Focus Music

Music has a profound effect on our mood, blood pressure, and heart rate.

Research indicates that music strengthens areas of the brain (that, in a child with ADHD, are weak.) Music strengthens the auditory, visual/spatial, and motor cortices of the brain. These areas are tied to speech and language skills, reading, reading comprehension, math, problem-solving, brain organization, focus, and attention challenges.

Parents of children with ADHD should know that there are methods beyond medication and counseling to treat ADHD. One of them is music. Confirmed by multiple research studies to play a significant role in cognitive development, music can be used to help children organize their thoughts.

But not any music will do. Only certain classical music builds a bigger, better brain. Listening to jazz or pop doesn’t have the same beneficial effects. A study conducted by Donald Shetler, Ed.D., of the Eastman School of Music, found that kids who listened to classical music for 20 minutes a day had improved speech and language skills, a stronger memory, and greater organization of the brain.

Classical music is peaceful and harmonious making it one of the best options to listen to when studying. It seems that there is evidence that Mozart improves mental performance. They call it the “Mozart Effect.”

It is said that to study it’s necessary to have a quiet environment without distractions. However, for some, studying in a quiet environment can backfire. This ‘quiet environment’ can make you end up fighting boredom and succumbing to the allure of sleeping at your desk! This is why the importance of choosing the right music for studying can’t be underestimated.

Although some studies say that listening to music while you study isn’t good, for many people it’s vital. It’s calms them down, which can lead to productive studying. Music can also help elevate your mood and motivate you to study longer.

It helps you focus, reduce distractions, maintain your productivity and retain information when working, studying, writing and reading.

Music stimulates the brain

‘Nothing activates the brain so extensively as music’. So says Oliver Sacks, a doctor and researcher at Columbia University, who has used music as a complementary treatment for many of his patients.

Research backs up his claim. Pleasurable music is known to increase dopamine levels in the brain. Dopamine is responsible for regulating motivation, working memory and attention ( which is often found in lower levels in people with ADHD.)

This is one of the main reasons why there are benefits of music for kids to train their brains and achieve higher levels of self-control and focus – both at home and in the classroom.

Music provides organization

Children may struggle to focus and regulate their thoughts and behaviors to maintain a linear path. Music has a defined structure and can help regain a sense of organization. It can also guide them – many kids with attention issues have trouble following directions, and music can help them to stay attentive and interpret the rhythm and melody as direction.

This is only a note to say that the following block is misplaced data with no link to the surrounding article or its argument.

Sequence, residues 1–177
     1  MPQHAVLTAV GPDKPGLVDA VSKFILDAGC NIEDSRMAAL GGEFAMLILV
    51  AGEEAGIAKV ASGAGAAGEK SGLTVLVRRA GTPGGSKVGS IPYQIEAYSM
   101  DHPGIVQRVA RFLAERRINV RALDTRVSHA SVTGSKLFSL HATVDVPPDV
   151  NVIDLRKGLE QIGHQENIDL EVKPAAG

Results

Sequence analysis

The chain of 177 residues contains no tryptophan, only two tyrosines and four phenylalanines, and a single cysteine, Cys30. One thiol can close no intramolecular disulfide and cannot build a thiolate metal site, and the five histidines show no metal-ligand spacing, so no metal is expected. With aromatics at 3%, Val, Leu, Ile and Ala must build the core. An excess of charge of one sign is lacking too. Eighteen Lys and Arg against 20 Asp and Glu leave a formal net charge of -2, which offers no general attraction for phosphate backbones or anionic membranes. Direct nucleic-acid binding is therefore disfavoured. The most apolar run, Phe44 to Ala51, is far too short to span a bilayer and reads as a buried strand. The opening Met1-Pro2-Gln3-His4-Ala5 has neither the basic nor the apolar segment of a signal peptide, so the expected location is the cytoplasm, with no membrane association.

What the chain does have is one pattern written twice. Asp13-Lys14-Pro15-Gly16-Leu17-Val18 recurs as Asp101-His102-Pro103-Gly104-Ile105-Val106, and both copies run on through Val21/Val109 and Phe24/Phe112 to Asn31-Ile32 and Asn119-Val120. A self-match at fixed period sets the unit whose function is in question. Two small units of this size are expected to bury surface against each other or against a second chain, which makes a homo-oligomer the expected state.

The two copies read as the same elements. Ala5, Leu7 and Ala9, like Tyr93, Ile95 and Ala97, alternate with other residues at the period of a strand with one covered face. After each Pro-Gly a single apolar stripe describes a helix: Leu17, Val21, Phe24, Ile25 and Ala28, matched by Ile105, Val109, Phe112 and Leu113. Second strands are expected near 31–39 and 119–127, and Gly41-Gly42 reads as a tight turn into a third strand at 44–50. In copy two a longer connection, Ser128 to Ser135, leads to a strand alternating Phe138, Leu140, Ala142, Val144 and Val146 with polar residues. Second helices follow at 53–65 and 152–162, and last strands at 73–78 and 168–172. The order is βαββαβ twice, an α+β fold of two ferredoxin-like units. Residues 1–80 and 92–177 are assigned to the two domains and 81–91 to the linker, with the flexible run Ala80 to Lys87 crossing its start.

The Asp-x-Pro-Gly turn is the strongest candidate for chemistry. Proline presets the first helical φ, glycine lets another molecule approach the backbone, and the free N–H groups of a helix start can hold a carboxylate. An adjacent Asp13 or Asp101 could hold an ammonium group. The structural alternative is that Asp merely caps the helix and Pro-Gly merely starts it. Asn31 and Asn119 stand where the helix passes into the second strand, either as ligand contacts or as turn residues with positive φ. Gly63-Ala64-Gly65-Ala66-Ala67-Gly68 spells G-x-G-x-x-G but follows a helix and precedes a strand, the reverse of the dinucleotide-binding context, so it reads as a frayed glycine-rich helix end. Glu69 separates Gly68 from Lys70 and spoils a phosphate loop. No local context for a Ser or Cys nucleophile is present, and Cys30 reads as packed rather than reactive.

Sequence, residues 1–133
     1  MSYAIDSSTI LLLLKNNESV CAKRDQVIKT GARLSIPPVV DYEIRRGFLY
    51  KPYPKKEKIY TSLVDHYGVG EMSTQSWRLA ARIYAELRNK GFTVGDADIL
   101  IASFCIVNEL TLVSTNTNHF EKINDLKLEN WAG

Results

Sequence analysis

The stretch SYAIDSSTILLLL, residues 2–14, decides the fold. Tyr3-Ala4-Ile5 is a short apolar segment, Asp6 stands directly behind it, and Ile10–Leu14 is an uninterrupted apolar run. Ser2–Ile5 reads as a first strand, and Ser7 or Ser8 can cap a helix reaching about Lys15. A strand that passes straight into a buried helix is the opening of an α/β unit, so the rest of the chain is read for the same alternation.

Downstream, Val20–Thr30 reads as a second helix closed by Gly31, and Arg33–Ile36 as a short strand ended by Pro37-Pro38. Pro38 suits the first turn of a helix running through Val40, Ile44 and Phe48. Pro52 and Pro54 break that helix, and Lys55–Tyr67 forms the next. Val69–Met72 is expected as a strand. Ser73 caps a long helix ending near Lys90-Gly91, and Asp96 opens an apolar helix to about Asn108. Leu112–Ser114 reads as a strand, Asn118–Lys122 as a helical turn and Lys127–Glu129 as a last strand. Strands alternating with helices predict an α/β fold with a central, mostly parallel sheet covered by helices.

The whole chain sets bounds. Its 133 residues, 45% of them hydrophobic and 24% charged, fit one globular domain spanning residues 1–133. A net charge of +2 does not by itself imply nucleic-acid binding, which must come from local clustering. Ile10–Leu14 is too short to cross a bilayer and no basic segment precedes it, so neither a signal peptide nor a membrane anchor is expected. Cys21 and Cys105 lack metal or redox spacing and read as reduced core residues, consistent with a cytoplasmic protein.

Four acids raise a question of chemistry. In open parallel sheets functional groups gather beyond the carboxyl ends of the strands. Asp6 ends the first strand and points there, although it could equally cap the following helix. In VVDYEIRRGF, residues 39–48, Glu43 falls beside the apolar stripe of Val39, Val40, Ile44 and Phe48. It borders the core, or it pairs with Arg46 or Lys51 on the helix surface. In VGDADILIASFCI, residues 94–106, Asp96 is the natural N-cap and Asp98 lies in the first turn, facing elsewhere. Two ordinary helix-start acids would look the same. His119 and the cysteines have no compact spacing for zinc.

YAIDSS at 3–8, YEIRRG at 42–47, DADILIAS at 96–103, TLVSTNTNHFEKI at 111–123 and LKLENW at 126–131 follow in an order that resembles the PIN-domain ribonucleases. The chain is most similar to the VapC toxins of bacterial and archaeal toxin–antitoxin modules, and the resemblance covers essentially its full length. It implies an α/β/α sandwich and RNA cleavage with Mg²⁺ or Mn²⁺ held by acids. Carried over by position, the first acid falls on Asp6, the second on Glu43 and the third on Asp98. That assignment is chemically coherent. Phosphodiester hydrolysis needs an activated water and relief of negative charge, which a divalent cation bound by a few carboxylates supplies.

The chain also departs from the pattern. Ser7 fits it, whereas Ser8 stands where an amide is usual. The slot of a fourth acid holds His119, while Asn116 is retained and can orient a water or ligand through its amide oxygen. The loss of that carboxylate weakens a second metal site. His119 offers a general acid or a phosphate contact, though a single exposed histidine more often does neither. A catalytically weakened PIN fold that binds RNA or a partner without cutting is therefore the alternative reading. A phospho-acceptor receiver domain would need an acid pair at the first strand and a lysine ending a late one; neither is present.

Music therapist, Kirsten Hutchison, claims that the structure of music has a positive impact on kids’ ability to structure their activities in a timeline, as well as strategize their responses to the things around them. ‘The structure helps a child plan, anticipate and react,’ she says.

Music has a soothing effect

Music has the power to change our moods and influence our emotions. That’s why it’s only natural that certain types of music, mostly slow and tranquil, present a great opportunity for reducing the impulsiveness and restlessness that children with attention issues often suffer from.

But that’s not all. Music can also help to alleviate the symptoms of stress and anxiety.

Music is social

Writing, practicing and performing music are all social activities. That’s why music therapists are eager to use these forms of social practice in order to help children with ADD to learn appropriate behaviors in social situations.

Children can learn how to listen to others with attention, recognize how to anticipate changes, get to know the social rules of taking turns in performance and generally follow cues that might not be as effective when generated outside a music therapy session.

Music therapy means many things – it can be listening to music, creating it or playing together with recorded music. It can even be composing music or writing song lyrics. All of this helps children to communicate their moods and feelings, while simultaneously reducing their level of anxiety and restlessness. Music therapy is versatile and readily available – a great option for complementing traditional treatments of ADD in children.

Feel free to use my Youtube Playlist on music proven to help focus:

 

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